11 Blockchain Applications in IoT Data Marketplace Pooja Gupta UNSW, Sydney, Australia

11.1  Introduction This chapter focuses on the exchange of digital assets from CPS, namely IoT data. IoT encompasses a wide range of sensors and devices that capture sensor observations from the environment that are shared with service providers (SPs). In conventional IoT systems, the data is stored by the SP of a device leading to the creation of data silos where data access is only restricted to the SP and the inability to share it with other parties. Given the significant value of the data produced by the IoT devices, the notion of an IoT data marketplace has attracted tremendous attention as it enables the IoT users to monetize, trade, and share the historical or real-time data generated by their IoT devices with other participants in the IoT ecosystem. The data marketplace addresses the issue of data silos and incentivizes the users to share their data with SPs or other parties that require access to the data. The fundamental components of a data marketplace [1] are as follows: 1. User registration and authorization: This allows users to register themselves in the marketplace either as sellers or buyers. A seller owns data while a buyer is interested in purchasing a particular type of data. The seller may implement different granularities of access and only allow

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2.

3.

4.

5. 6.

7.

8.

certain buyers to access a data stream for a desired duration or at a required interval. Data discovery and selection: This allows buyers to search and select sellers’ devices based on their desired data type (e.g., traffic data or solar panel data). Data price model: This allows the seller to select a pricing strategy with typical options being fixed, tiered, dynamic, or negotiated pricing. In a fixed pricing model, the price is fixed for a particular duration, while in tiered pricing, the price is fixed but includes multiple categories. Dynamic pricing changes the price over time, while in negotiated pricing, the price is actively negotiated at the time of sale. Contract management: This is employed by the seller and buyer to manage the trade agreement. A contract usually consists of terms and conditions that govern the quality of data and the associated costs. Rating mechanism: This function is employed by the buyers and sellers to rate each other, which establishes a level of trust. Data metering: This is used to measure particular parameters (e.g., amount, frequency, and type) associated with an ongoing trade for billing purposes. Billing and payments: This manages the payment process for trades. The marketplace may incorporate different mechanisms of payment (e.g., advance payment, pay-as-you-go, payment at predetermined intervals). Real-time middleware: This incorporates different functions related to real-time data streaming such as data routing, resource management, and encryption. When such functions run on CPS nodes, they can raise the issue of persistence that we presented in Chapters 1 and 2.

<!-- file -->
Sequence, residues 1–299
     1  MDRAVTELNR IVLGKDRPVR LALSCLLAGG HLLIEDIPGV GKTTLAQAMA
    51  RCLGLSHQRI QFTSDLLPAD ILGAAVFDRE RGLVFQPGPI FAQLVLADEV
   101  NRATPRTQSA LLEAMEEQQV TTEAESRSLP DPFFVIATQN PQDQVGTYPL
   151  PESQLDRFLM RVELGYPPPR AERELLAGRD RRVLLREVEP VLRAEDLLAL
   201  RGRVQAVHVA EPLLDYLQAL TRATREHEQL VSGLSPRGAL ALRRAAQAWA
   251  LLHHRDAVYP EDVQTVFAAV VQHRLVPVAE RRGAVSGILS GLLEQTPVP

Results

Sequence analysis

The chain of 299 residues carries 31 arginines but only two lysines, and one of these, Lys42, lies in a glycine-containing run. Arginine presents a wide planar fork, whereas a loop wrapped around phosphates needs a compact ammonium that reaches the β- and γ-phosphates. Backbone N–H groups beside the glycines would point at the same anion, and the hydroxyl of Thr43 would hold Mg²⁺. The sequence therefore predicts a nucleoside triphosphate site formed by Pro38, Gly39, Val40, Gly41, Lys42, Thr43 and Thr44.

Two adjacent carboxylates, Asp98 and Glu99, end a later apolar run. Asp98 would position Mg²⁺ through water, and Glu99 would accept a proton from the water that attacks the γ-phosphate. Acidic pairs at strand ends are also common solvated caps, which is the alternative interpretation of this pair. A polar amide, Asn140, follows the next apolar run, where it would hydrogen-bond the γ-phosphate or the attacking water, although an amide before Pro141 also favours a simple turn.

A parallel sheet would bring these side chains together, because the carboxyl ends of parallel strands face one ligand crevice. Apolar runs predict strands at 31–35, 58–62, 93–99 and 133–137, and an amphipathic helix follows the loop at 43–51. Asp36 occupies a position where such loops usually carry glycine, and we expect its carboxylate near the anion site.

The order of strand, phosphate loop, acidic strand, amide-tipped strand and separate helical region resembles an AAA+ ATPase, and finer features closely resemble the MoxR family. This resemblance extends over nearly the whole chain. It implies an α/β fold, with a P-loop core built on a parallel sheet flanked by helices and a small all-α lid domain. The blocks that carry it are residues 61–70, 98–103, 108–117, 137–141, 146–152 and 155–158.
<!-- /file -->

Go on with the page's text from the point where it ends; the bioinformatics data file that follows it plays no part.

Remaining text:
Conventional data marketplaces rely on centralized platforms where a central TTP oversees the trade to ensure that both parties commit to their obligations, which results in several limitations. The first limitation was limited scalability, as the TTP conducts all management operations and controls every aspect of a trade from offer listings to price discovery, product search, data storage, transacting the trade, data dissemination, and buyer/seller feedback. With billions of connected IoT devices, centralized governance can be a bottleneck. Other limitations were limited privacy as the TTP has full visibility on the trade history of sellers and buyers and the associated data, central point of failure, and low security as the TTP may be compromised by hackers, which leads to data leakage.